A few days back Elon Musk shared a video of the ‘loop’ transit system’s prototype on his social media account. While Musk fans went gung-ho over the concept, a section of the online community roasted the CEO for its design deviations from what was proposed earlier. The system looked more like a mini-bus stationed at a bus-stop, rather the initial concept of smaller pods that can carry about three passengers in a tech-refined station. Viewers were also irked by the non-linear routes, wondering how a highway-ish tunnel would improve transport speed.
Engineering compromises were expected since this was a novel idea that had never been attempted before. But it needs to be contemplated whether these compromises will fail the purpose of the project.
In August last year, another company in the same business, Hyperloop One, launched a test run of its own hyperloop outside Las Vegas. It was a historic run logging around 200 mph on the track. However, the prototype tested by the company, which was apparently inspired by Elon Musk’s idea, again witnessed numerous engineering changes from the originally proposed concept. These were much bigger, slower and less efficient, coming closer to the already existing modes of transport. Hyperloops are meant to carry passenger pods at around 500mph. If the speed proposition is not met, where is the advantage of this new technology that uses massive amounts of investment?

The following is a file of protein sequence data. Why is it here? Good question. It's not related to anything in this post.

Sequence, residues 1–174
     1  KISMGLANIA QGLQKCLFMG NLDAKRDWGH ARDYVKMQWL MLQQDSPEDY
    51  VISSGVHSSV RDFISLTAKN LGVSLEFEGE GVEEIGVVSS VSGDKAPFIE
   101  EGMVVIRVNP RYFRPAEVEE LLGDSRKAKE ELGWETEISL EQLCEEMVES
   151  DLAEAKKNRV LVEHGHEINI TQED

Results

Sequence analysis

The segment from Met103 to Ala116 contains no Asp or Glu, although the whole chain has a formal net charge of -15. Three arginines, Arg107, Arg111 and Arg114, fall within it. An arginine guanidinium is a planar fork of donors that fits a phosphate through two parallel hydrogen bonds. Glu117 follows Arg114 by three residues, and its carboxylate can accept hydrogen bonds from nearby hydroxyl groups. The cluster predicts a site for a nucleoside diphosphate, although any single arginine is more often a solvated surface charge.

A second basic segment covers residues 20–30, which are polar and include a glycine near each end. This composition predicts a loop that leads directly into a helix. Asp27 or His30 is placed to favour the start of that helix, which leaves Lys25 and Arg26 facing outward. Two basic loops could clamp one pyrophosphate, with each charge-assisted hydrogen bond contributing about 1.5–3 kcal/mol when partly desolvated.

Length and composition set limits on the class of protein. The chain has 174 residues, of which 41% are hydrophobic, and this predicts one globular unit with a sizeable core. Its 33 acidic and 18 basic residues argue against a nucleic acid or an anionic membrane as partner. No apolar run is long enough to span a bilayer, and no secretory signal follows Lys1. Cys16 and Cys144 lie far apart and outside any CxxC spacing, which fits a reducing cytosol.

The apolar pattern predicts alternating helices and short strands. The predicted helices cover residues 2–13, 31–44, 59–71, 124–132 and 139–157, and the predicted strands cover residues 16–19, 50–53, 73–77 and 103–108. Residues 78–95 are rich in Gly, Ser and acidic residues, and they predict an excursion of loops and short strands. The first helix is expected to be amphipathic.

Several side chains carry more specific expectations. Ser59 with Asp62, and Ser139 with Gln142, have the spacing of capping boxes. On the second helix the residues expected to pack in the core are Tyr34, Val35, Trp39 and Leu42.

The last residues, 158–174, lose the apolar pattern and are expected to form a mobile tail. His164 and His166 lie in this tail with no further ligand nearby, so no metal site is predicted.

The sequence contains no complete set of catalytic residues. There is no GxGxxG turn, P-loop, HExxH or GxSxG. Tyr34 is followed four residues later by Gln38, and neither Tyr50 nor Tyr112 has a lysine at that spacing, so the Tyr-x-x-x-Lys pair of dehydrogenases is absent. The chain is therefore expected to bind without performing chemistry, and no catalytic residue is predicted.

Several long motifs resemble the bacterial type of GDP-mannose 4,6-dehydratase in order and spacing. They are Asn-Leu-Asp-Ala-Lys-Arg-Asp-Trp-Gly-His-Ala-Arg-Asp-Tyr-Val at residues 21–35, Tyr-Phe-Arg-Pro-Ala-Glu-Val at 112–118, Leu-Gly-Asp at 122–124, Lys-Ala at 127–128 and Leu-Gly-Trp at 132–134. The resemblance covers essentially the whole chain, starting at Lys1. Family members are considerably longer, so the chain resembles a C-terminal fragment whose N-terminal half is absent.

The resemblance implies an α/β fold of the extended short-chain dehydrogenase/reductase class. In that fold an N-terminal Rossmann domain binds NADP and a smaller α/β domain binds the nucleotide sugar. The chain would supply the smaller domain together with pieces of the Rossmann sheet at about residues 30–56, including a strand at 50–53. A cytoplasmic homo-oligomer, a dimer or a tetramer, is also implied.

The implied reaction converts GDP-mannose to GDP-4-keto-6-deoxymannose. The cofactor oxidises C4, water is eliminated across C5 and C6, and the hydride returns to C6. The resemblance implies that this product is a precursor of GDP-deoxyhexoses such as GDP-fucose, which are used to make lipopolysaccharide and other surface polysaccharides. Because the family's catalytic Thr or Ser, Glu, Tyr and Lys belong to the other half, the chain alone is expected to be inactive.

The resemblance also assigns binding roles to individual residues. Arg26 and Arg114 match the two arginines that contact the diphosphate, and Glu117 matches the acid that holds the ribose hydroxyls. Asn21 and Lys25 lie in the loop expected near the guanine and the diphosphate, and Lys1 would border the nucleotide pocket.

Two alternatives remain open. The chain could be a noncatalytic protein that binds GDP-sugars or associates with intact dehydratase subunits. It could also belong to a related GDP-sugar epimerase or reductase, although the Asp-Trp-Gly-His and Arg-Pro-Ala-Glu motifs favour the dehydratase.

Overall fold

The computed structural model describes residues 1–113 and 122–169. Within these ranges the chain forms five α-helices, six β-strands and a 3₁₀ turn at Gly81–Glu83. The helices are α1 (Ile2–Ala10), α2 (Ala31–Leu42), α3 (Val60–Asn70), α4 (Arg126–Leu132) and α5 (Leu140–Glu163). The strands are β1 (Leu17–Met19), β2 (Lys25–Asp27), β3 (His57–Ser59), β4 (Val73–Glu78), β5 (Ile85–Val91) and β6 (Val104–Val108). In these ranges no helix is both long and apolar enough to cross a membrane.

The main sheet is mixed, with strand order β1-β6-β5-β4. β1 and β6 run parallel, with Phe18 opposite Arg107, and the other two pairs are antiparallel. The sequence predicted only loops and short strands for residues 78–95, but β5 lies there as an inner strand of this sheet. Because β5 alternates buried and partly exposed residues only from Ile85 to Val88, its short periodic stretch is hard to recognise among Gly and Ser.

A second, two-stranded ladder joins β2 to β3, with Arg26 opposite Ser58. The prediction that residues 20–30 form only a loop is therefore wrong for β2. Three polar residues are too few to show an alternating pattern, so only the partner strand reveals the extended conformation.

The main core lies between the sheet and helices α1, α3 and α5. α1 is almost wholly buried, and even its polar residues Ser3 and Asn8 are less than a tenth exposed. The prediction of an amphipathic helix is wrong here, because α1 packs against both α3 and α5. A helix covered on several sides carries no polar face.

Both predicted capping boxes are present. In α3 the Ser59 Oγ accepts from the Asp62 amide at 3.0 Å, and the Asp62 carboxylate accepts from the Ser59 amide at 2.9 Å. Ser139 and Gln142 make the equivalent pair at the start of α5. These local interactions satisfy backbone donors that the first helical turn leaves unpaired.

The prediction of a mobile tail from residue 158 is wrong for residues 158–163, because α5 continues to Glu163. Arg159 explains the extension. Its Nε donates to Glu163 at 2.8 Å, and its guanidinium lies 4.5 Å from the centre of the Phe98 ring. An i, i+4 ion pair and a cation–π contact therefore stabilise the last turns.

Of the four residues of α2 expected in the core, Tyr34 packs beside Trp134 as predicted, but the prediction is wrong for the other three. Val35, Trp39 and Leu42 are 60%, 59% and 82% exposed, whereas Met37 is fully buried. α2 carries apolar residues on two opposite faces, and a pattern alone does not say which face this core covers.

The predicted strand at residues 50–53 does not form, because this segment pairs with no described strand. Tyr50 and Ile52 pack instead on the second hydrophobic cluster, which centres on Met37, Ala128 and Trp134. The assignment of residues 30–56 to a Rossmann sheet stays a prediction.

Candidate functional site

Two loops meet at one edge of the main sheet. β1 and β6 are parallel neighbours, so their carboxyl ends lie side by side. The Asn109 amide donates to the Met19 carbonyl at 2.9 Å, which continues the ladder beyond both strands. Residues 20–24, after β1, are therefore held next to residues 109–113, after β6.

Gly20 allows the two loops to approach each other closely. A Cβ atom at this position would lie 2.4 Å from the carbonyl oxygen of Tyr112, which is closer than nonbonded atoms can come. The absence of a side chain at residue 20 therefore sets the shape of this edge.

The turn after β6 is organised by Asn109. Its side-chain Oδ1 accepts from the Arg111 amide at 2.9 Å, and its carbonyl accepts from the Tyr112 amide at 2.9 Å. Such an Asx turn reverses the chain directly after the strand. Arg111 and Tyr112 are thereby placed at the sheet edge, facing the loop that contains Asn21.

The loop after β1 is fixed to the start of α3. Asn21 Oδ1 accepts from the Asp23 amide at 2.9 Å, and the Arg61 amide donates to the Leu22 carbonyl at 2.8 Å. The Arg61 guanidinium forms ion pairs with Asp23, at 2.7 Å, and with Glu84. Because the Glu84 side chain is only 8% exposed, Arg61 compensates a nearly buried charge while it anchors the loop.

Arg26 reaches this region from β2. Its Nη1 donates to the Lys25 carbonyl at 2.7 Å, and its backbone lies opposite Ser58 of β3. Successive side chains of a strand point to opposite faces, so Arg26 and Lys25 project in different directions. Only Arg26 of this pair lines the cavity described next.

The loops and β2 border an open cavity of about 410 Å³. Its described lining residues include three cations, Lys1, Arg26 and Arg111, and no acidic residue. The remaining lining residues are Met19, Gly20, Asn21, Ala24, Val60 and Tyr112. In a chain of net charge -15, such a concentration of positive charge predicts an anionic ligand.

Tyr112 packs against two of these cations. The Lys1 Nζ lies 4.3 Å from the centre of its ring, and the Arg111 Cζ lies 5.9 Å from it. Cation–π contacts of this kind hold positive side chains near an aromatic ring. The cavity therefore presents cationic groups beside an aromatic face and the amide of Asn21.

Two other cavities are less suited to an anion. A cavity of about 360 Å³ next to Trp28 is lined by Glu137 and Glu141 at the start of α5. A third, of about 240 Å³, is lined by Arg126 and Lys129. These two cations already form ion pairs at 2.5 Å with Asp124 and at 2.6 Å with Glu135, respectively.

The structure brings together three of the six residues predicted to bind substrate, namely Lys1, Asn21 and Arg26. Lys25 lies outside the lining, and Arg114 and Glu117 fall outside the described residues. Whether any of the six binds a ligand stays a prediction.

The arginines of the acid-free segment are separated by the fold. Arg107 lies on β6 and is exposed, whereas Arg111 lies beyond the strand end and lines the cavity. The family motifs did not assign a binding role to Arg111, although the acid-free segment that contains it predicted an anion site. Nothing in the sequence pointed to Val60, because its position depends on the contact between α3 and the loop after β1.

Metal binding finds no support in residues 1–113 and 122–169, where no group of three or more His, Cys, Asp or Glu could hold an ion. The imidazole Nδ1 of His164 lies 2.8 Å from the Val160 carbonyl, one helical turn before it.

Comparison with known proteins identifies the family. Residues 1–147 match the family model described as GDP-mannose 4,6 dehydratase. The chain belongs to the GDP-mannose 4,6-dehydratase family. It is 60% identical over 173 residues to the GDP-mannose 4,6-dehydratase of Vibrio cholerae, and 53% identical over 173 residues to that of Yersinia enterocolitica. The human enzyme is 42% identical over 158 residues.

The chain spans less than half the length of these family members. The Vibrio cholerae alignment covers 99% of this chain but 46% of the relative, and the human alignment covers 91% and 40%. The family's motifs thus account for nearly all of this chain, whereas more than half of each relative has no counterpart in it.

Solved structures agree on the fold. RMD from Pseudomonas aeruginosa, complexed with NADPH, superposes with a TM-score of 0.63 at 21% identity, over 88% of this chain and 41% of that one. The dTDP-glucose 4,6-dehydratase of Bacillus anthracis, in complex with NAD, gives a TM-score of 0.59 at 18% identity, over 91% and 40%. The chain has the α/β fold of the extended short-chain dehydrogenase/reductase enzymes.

Affordability was another benefit of Musk’s original concept, but it would depend heavily on how quickly the project gets implemented. There is no doubt that the visionary CEO has come a long way from what was an improbable idea in a four-year span. But administrative and regulatory approvals are time-consuming processes and would require a lot more than a mere vision from the CEO, given the size of the project.
In July last year, the Tesla (TSLA) CEO had announced that the company had obtained “verbal approval” from the government to construct a loop infrastructure that would carry passengers from the capital to New York City in just 29 minutes. The transport would have stops at Philadelphia, and Baltimore. However, for the project to take off, the company would have to take approval from the various state as well as regional administrations, besides a written consent from the federal government.
Hyperloops are meant to carry passenger pods at around 500mph. If the speed proposition is not met, where is the advantage of this new technology that uses massive amounts of investment?
Eight months since the announcement, the Boring Company has only managed to obtain approvals from Baltimore and Los Angeles administrations, besides a digging permit in Washington DC. Digging tunnels could have an environmental impact, and an approval from regulators in this regard could even take years.
The proposed route traverses numerous populated cities and water bodies, where digging would come at a huge cost. In case the project gets delayed by bureaucratic processes, the costs would expand, and in turn, hit the affordability of the transit system.
There is no reason to doubt that Musk’s hyperloop will materialize in a few years. However, if it beats the purpose of the project — speed, efficiency, and cost — a lot of money is at stake.